Founders of Revista Late awarded HSF grant to investigate health impact of high levels of fluorine in drinking water

Daniel Wizenberg

Alejandro Saldívar

The founders of Revista Late, a narrative-style digital magazine for Latin American readers, have been awarded a Historias Sin Fronteras reporting grant for a cross-border multimedia project on high levels of fluorine in drinking water and the impact on human health.

InquireFirst, in partnership with the Howard Hughes Medical Institute (HHMI) Department of Science Education, awarded the grant to:

Daniel Wizenberg, an Argentine journalist who co-founded Revista Late, a nonprofit international journalism network focused on reporting on corruption, organized crime, environmental issues and human rights violations. Daniel has worked as a researcher for the United Nations High Commissioner for Refugees, telling the stories of refugees who live in Argentina. He also worked with the Institute of War and Peace Reporting, helping create news organizations in countries confronted by freedom of expression issues. He has received grants from the Pulitzer Center and the International Center for Journalists.  Daniel is also the author of two books, including “Korea: Two Extreme Faces” about his research trip to North Korea.

Alejandro Saldívar, a Mexican journalist and co-founder of Revista Late. Alejandro is a reporter and editor at Revista Proceso in Mexico City as well as a photographer and audiovisual storyteller. Alejandro is a doctoral candidate in Art History at the National Autonomous University of México (UNAM). Since 2017 he has been a professor on the Faculty of Social and Political Sciences at UNAM.

In response to our call for proposals for a multimedia project in any area of science, health or environmental coverage, Historias Sin Fronteras received several outstanding proposals from cross-border teams of journalists throughout Latin America.

The judges selected the proposal by Daniel and Alejandro, which focuses on the high levels of fluorine that is contaminating water in towns and cities throughout Latin America. In Mexico alone, it is estimated that some 20 million people ingest water with fluoride at concentrations significantly higher than permitted by medical standards, the journalists noted in their proposal.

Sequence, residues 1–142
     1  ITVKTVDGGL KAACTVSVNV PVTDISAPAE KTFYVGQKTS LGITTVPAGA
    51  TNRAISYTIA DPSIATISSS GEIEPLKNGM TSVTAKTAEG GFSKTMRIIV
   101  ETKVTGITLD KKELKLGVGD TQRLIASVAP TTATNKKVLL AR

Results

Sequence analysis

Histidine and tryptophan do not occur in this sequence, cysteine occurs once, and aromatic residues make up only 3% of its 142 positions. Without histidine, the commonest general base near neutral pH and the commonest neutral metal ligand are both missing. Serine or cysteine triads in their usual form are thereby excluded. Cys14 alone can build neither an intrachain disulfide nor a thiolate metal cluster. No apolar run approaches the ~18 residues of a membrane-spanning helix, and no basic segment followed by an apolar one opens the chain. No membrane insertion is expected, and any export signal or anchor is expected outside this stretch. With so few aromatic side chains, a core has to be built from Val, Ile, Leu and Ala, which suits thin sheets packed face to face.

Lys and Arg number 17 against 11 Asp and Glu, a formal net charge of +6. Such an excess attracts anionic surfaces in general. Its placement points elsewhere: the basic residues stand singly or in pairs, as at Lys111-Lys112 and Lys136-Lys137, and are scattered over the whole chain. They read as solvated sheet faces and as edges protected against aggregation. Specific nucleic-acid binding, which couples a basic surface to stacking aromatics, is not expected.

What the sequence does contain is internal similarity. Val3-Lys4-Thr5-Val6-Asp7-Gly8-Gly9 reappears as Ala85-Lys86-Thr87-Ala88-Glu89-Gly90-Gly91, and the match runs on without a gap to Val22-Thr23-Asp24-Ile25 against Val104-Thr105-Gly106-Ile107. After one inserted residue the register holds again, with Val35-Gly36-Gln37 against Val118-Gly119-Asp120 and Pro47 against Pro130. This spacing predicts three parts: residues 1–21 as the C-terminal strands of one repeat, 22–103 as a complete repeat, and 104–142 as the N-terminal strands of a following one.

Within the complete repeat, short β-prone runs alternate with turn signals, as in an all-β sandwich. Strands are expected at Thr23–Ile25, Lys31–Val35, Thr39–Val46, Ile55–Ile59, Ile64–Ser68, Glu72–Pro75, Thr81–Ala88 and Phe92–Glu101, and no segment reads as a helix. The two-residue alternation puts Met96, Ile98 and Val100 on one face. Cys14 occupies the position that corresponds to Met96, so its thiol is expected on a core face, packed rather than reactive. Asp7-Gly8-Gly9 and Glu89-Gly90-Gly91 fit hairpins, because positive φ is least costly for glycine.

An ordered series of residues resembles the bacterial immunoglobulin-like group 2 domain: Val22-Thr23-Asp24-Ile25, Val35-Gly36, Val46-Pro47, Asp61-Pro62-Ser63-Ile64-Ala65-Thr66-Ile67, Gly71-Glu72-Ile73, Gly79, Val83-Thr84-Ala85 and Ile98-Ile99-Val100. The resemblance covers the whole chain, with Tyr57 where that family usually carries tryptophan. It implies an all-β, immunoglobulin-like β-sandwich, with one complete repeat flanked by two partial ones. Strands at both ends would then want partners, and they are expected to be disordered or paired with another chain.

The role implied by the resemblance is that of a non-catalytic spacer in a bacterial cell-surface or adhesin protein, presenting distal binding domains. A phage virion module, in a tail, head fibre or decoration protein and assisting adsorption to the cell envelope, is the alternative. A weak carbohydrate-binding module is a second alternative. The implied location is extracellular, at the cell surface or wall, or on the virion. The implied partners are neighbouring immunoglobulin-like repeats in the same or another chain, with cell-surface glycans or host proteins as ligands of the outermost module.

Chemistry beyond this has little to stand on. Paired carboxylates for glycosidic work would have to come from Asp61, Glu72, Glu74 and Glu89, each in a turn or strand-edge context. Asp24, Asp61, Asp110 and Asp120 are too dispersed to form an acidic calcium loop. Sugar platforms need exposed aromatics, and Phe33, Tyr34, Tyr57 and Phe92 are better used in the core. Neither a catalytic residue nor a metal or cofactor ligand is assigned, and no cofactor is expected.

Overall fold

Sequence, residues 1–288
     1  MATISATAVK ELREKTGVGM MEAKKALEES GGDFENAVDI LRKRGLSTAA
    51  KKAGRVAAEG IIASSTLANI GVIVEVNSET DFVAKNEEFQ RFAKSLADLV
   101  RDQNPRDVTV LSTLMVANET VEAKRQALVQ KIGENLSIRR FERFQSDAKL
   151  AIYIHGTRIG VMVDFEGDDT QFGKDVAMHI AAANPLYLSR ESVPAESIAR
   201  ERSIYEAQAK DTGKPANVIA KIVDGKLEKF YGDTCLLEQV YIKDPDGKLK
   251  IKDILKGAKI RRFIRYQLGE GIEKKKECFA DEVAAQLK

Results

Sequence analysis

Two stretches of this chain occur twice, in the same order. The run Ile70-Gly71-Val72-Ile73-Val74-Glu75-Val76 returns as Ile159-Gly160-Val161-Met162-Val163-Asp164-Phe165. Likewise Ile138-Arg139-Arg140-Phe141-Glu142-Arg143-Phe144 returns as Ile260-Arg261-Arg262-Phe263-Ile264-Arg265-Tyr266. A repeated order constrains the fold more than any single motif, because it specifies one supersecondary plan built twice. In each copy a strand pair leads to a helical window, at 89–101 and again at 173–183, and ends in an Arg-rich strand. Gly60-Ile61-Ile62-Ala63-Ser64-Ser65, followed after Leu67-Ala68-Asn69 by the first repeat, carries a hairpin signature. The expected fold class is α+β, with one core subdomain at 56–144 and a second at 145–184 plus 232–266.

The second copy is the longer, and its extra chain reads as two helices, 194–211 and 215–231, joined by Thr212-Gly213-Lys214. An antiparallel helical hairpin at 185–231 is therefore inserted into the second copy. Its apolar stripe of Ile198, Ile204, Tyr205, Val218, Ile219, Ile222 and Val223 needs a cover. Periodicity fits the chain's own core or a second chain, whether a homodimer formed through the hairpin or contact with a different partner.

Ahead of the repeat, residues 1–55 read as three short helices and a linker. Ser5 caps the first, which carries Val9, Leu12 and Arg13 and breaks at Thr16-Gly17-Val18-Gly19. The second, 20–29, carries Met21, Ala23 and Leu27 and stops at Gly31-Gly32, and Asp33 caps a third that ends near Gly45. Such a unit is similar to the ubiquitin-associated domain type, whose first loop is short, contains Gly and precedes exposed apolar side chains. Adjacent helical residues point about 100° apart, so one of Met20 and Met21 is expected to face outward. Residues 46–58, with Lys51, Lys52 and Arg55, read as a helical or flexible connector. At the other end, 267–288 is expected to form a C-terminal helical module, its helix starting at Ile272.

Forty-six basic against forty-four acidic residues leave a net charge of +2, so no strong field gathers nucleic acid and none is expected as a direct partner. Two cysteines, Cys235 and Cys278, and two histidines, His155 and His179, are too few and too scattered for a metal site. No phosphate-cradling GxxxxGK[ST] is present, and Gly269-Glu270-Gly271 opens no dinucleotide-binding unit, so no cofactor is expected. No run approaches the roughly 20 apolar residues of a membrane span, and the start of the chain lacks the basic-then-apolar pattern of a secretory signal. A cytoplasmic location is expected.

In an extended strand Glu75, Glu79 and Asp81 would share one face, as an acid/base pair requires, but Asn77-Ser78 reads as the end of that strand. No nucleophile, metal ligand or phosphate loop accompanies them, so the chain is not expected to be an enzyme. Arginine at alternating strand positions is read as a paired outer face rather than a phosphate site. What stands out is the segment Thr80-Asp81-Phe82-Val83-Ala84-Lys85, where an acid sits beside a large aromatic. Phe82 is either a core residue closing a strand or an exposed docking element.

After decades of being told that drinking fluoridated water keeps teeth strong and reduces cavities by about 25% in children and adults, “people do not know that this can harm your health,” the judges said in making their decision.

“There is a certain amount that is naturally occurring in water, but at too high a level it can be damaging,” our judges noted.

They said this project will shine a light on a little known and little understood issue involving industrial contamination, lack of government oversight and a threat to public health.

The project will be published in October 2022.

Iván Carrillo, a Mexico-based science editor and writer and co-founder of Historias Sin Fronteras, will serve as project editor. Iván is part of the 2016-2017 generation of the Knight Science Journalism Fellowship at MIT. He is a contributor to National Geographic and the Latin American editions of Newsweek and has collaborated with the Discovery Channel and CNN en Español.

By supporting this regional initiative, InquireFirst and HHMI’s Department of Science Education aim to convene, inspire and encourage the work of science writers in Latin America.

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